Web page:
As a general rule, Modern Chinese morphemes have one syllable, but words have TWO. If a word has two conceivable morphemes that can make it up, it will be a bisyllabic word made up of two morphemes. An example is 課本, which means textbook and is made up of the morphemic units “class” and “book”. However, if the word is pretty basic and bare in meaning, it will quite often use two morphemes with similar meanings. An example of this is the most common word for “friend”, which in the modern language is 朋友. Both of these characters are morphemes meaning friend…but for a number of reasons they are combined to form a vocabulary item. Whilst a reader of Chinese has no difficulty in identifying the characters in isolation as relating to friendship, in speech only together and in this order is the meaning of “friend” expressed.


The fact that Ancient Chinese was monosyllabic rather than bisyllabic means that, on average, meanings can be conveyed using half as many characters! For example it can’t have escaped your notice that the sentence above – 欲導聖人於禍 – means something as verbose in English as “earthly desires lead the righteous man to disaster”.

Burmese slays — February 24, 2020

Burmese slays

If you’d told me a few years ago that I would be learning Burmese in 2020, loving it and planning on becoming conversationally fluent within the next month and totally proficient and highly literate by year end I’d have been perplexed. There’s nothing wrong with Burmese, quite the opposite in fact- I have gone almost my entire thirty years, including over a decade as a language fanatic and a linguistics savant, without having thought about Burmese once. The nearest I had ever come to thinking about this language before the past few weeks was thinking that the script looks like a mass of bottoms (just call me Tina Belcher). For real though, this is one THICC writing system:

ဝတဆထလဘယသဟကောဆဣဏ္ဿဏဗ

IMG_20200220_064750_268

Anyway, I digress. Having decided that my upcoming trip to South-East Asia would incorporate Burma, I found myself wondering if it was worth learning the language before going. I had already decided that I would learn Thai, Lao and Vietnamese to proficiency before setting off, but this was not really a hard decision. I was already pretty fluent in Thai (spoken Thai at least), Lao is very closely related to Thai, and is even to an extent mutually intelligible, and learning Vietnamese had been on my to-do list for quite some time.

IMG_20200217_071256_377

Burmese though was a bit of a wildcard. I had never felt any inclination to learn it, it seemed tough (the writing system stumped me a fair bit), and of all the countries I’ll be visiting, Burmese people are the most likely to understand English, and even be able to converse.

IMG_20200217_184936_058

But I don’t shy away from a challenge, and I like to know at least the pronunciation system of a people’s language before visiting their country/land, so I bought a couple of Burmese textbooks and grammars and dove into them over the past couple of weeks.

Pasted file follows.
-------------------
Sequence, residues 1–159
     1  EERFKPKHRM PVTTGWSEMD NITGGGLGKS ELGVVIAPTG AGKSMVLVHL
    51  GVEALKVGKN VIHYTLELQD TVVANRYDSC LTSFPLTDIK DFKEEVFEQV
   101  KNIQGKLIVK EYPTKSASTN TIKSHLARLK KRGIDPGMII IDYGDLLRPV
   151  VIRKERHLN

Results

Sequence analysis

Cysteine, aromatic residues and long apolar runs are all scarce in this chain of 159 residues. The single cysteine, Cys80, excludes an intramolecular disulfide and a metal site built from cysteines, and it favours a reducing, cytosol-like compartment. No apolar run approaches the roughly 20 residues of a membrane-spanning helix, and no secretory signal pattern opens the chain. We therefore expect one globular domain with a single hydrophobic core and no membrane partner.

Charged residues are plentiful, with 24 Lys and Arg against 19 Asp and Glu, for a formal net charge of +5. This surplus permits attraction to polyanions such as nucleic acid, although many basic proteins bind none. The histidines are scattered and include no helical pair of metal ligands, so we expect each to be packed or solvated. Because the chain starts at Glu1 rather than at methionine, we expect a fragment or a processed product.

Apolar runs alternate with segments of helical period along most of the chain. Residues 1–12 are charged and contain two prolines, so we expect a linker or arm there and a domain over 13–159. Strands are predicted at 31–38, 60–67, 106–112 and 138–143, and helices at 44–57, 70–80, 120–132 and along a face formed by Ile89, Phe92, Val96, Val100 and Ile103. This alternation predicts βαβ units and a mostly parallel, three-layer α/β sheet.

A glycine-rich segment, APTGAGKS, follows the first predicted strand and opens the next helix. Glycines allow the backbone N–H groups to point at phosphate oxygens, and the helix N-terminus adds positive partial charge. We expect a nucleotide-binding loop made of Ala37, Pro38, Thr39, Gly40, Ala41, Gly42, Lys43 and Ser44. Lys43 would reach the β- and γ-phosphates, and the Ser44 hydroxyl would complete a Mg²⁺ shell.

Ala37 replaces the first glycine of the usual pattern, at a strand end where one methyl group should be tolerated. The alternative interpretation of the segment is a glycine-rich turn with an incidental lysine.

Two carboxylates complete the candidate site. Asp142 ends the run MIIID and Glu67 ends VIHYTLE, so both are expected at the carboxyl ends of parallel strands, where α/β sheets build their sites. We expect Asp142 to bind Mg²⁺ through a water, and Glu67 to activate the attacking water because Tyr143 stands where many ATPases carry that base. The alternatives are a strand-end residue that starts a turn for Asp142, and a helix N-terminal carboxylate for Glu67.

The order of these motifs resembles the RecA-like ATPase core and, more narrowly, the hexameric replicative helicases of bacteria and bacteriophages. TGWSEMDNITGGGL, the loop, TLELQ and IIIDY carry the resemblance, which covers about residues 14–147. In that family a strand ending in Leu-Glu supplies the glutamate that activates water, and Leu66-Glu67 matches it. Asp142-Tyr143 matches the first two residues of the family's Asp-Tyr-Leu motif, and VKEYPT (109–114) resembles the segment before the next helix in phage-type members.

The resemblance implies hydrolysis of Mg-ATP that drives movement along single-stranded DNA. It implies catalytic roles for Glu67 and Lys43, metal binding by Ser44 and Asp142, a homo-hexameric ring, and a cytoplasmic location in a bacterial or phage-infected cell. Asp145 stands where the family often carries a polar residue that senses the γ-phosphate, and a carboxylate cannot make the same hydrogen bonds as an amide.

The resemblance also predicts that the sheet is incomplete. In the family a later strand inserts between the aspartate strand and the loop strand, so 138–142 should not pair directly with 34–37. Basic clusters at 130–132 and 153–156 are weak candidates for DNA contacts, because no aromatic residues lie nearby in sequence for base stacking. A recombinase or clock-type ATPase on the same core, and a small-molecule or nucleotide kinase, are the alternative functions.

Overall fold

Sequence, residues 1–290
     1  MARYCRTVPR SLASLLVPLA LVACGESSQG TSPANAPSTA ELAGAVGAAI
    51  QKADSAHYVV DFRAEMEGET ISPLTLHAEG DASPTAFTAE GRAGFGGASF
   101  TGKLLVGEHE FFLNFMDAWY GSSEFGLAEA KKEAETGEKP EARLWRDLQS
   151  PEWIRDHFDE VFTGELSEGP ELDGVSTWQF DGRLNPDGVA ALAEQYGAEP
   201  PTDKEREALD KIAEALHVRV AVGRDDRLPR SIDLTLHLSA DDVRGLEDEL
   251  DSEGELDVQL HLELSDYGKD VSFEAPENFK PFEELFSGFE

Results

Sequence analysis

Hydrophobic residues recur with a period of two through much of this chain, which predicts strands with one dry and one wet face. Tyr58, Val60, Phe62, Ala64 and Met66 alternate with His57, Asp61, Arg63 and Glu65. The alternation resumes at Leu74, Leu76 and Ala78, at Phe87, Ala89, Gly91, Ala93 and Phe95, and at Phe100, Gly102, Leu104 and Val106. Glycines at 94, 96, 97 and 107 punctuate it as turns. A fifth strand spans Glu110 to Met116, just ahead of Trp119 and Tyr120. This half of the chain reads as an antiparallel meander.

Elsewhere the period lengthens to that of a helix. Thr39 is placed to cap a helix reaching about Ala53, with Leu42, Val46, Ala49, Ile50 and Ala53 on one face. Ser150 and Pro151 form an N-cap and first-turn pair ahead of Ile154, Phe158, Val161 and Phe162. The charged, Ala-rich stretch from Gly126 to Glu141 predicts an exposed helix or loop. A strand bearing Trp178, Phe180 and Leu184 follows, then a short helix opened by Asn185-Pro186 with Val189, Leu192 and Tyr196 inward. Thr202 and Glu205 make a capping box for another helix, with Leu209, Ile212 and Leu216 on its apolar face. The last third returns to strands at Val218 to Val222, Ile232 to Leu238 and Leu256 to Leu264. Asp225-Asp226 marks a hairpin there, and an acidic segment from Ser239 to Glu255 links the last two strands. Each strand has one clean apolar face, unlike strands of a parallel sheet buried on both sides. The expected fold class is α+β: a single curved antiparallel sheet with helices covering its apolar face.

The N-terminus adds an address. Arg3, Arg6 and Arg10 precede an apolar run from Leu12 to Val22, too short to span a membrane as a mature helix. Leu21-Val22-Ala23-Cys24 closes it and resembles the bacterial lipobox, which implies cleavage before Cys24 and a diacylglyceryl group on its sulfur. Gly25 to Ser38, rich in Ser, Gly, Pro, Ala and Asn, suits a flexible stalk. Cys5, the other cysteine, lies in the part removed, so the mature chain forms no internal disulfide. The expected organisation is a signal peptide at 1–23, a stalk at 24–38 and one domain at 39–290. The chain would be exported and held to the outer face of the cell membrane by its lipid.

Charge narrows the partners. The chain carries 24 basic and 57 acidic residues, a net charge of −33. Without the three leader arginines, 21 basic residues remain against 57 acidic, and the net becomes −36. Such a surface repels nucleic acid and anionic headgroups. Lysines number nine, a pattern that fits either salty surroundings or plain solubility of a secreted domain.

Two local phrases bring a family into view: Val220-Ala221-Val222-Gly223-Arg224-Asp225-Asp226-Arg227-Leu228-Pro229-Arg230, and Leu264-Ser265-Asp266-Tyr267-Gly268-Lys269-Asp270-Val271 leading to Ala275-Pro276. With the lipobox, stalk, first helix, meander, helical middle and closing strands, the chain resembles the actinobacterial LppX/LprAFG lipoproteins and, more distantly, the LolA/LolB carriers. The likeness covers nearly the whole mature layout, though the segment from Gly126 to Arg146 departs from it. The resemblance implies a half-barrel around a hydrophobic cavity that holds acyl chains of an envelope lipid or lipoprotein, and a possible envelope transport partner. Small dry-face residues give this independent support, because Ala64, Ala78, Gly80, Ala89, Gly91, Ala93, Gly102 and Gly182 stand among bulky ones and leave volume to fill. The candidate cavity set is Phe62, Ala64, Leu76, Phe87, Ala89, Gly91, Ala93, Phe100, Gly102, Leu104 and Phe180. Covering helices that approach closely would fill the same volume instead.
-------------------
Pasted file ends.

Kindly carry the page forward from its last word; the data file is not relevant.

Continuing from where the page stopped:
Mes amours…I have fallen rapidly for this language and I am stunned.

IMG_20200221_104057_767

Burmese is a Sino-Tibetan language, which puts it in the same family as Chinese and Tibetan. However, as a Chinese speaker I must say there is almost no commonality to be found with Chinese. This is because very early on in its history, the Sino-Tibetan family split into two branches, one branch migrating North and becoming the Chinese macrolanguage, and the other remaining further south and developing into the Tibeto-Burman branch, which then gave the world the languages of the Tibetan and Bamar people. I haven’t studied enough Tibetan to be able to confirm this myself, but there is a greater deal of semblance between Burmese and Tibetan than to be found between either of them and Chinese, although I am told that even these similarities are sparse, arbitrary and isolated.

Like Chinese, but unlike Tibetan, Burmese is a tonal language. There are arguably four tones, and I say arguably because this is yet another example of mainstream linguists conflating the categories of tone and register. There are at least two tones in Burmese, that much is beyond doubt.

But the other two modes of articulation really aren’t tonal in my opinion, or rather their defining feature is not pitch. One of them is called the creaky tone in most literature in Burmese phonology. There’s a reason it’s called the creaky tone rather than simply being described by the pitch of voice- the creaky tone is unmistakable, regardless of pitch. So too is the fourth, so called “checked” tone. The checked tone occurs in syllables that end with an unreleased consonant. This “tone” is distinctive from others as it ends in a glottal stop…wtf has that got to do with tonality? Anyhoo ignore my little rant, even though I disagree with calling them tones and believe they more accurately fit the descriptor “(vocal) register”, whatever you wanna call them, Burmese has four.

IMG_20200217_071402_391

Also, like Vietnamese, Burmese marks tones on its syllables in a much more straightforward way than Thai.

The low tone is generally unmarked: the consonant and the vowel together without any tonal diacritic produces a low tone syllable: ဘေ he, လို lo, etc.

The high tone has a nice little sign after the syllable that looks like an outline colon. I can’t verify this, but I suspect it is related to a Sanskrit sign which aspirates a vowel, due to the fact that the high tone is quite often very breathy: ဘေး he, လိုး lo, etc.

And the creaky tone generally has a small hollow circle below the final letter of the syllable: ဘေ့ he, လို့ lo, etc.

IMG_20200220_065328_154